Lake Tahoe may be famous for its good snow conditions and winter sports enthusiasts, but with a rich history and an abundance of natural resources, it holds treasures for everyone. And thank goodness for that, because it can be hard to find activities that the whole family likes.
These five hidden gems appeal to a wide range of ages and interests, making them family crowd pleasers.
Smaller but similar to Hearst Castle in over-the-top opulence, Thunderbird Lake Tahoe was home to eccentric millionaire George Whittell, Jr., his stone mansion, 600 feet of underground tunnels, renowned wooden speed boat Thunderbird, a card house, an elephant barn, and a lion named Bill. Seventy-five minute docent-led tours of the mansion and grounds offer a fascinating look at Whittell, Jr.'s life-in addition to being a millionaire, he also ran away to the circus and married a chorus girl and then an actress before secluding himself at the Lake Tahoe property with his animals as well as an excellent view of the lake. Reservations are required for all tours, which are available by land, tour boat or kayak, Tuesdays through Saturdays from mid-May until mid-October. Visitors must be at least six years old; comfortable walking shoes are required and a warm jacket is suggested.
Tahoe Institute for Natural Science (TINS), a nonprofit organization dedicated to providing education on the natural history, conservation and ecosystem of the Tahoe region, offers a variety of nature walks, citizen science programs, talks and events throughout the year. If you're planning to visit during the summer, kids ages 4-17 can explore the world around them at day camp while you go off on your own. They'll hike, play games and create art at themed summer camps with names like Bug Camp, Animal Kingdom, Tahoe Explorers, and Insect Adventures.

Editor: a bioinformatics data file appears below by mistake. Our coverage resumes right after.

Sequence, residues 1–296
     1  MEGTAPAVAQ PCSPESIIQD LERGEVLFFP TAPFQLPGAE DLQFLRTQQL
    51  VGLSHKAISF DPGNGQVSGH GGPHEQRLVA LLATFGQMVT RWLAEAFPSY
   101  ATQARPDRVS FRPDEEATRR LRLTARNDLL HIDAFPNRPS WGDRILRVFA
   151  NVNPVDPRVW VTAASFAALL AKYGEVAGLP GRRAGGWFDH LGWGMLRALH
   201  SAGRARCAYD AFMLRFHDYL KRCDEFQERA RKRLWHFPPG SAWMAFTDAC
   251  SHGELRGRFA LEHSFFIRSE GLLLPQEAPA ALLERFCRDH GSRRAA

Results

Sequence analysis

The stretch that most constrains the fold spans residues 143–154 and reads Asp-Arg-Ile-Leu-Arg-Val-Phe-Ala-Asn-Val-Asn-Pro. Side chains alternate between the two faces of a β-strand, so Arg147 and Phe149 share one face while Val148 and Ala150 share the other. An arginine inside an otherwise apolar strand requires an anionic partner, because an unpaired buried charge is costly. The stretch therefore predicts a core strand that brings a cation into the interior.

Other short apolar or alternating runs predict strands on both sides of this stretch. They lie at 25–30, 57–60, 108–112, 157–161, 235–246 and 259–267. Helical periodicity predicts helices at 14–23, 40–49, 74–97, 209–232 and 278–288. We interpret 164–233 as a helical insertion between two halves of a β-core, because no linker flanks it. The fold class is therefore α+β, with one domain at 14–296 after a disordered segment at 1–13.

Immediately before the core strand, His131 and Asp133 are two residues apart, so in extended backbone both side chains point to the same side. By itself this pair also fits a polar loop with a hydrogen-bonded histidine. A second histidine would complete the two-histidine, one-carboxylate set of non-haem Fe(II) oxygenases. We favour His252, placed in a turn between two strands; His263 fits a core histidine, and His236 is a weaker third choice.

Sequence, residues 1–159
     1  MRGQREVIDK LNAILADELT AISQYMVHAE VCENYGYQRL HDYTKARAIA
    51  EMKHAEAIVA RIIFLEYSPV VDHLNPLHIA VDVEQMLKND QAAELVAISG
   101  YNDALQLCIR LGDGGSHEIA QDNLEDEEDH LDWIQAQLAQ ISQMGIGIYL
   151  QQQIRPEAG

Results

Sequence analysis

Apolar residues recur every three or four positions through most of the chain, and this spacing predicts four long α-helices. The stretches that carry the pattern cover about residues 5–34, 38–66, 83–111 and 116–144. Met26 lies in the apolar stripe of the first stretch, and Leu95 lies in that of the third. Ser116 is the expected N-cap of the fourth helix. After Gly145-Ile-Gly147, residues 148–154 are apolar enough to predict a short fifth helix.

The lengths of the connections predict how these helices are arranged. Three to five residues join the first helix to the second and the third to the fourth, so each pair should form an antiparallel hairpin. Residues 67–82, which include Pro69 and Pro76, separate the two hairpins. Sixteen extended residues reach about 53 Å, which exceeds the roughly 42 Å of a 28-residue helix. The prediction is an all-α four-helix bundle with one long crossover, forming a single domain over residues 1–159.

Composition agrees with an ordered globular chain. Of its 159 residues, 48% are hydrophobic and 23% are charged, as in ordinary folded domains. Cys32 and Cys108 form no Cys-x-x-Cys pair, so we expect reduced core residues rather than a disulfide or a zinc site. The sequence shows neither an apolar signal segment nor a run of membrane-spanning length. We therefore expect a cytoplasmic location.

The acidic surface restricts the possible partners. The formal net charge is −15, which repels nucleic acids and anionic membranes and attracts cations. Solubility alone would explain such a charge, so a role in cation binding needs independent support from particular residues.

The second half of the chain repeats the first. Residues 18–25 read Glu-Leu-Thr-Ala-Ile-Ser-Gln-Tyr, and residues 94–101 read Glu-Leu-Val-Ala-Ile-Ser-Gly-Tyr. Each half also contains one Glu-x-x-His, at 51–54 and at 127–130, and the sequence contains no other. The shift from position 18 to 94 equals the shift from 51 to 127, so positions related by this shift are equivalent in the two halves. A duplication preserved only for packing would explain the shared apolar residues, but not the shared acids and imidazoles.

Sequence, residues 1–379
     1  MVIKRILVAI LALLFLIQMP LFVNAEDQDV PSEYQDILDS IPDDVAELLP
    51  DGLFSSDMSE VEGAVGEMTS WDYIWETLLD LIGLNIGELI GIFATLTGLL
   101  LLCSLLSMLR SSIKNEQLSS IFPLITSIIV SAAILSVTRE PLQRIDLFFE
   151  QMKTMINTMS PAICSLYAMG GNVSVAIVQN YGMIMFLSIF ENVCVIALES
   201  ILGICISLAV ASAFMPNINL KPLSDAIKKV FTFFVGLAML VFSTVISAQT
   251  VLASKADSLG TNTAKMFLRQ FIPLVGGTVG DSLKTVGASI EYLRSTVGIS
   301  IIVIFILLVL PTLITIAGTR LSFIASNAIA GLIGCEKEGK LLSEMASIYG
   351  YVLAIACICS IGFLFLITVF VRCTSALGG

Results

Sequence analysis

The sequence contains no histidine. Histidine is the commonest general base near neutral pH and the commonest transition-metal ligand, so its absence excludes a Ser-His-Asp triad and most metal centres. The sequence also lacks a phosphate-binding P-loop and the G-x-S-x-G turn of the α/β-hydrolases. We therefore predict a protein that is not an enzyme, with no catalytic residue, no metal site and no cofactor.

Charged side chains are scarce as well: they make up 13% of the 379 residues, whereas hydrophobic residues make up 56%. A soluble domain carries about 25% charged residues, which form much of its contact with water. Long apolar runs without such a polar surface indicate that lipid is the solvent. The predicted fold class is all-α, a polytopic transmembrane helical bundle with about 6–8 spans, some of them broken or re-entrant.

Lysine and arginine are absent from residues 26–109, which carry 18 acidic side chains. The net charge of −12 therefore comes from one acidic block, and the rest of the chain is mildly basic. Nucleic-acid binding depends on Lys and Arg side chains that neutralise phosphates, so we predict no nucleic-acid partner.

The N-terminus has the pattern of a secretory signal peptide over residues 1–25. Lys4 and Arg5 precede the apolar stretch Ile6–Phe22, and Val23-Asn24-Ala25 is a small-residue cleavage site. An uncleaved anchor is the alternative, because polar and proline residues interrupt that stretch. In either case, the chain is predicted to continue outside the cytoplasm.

Once inhabited (though not at the same time) by several socialite families, two hotels, a casino, and the Washoe People during summer months, the Tallac Historic Site is now comprised of 74 acres of land and a couple historic buildings. Throughout the year it hosts tours, cultural events and festivals, and is open daily during the summer. Locals' favorite events include a Native American festival in July, a Great Gatsby festival in August and a steampunk party in October. There are several tours especially geared toward families, like Washoe Ways, an interactive program on the summers Washoe families spent in Lake Tahoe; Kitchen Kids, a hands-on 1920s-inspired baking experience for kids ages 6-12; and Community Day, an exploration of what life was like for kids in the 1920s.
For a trip back in Olympics history, take the 10-minute aerial tram ride up to High Camp, the Squaw Valley mountain top that once hosted the 1960 Winter Olympics games. Perched above Lake Tahoe, the area can be explored via hiking trails (free guided hikes are available at 11:30 am and 2:30 pm daily) and the history of the games at the recently renovated Olympics Museum. There you'll find Team USA uniforms, newspaper coverage, a hockey stick and puck from the games, and a short film about the events. Meanwhile on the observation deck, the 1960 Olympic Rings loom in the background. Other High Camp activity options include roller skating, swimming, disc golfing, dining, geocaching, and playground fun. Hours and days of operations are subject to weather-related closures.
There's plenty to see, learn and do at the Tahoe Science Center at the UC Davis Tahoe Environmental Research Center in Incline Village. Through interactive exhibits, virtual laboratories, aquariums and 3D movies, visitors can investigate Lake Tahoe wildlife, the Tahoe watershed, and pollution from a scientific perspective. Tours of the Research Center, which is a Leadership in Energy and Environmental Design (LEED) building, are also available. The Tahoe Science Center is on the first floor and science classrooms and labs are on the second. Research labs on the top floor are closed to the public.
Where to Stay in Lake Tahoe -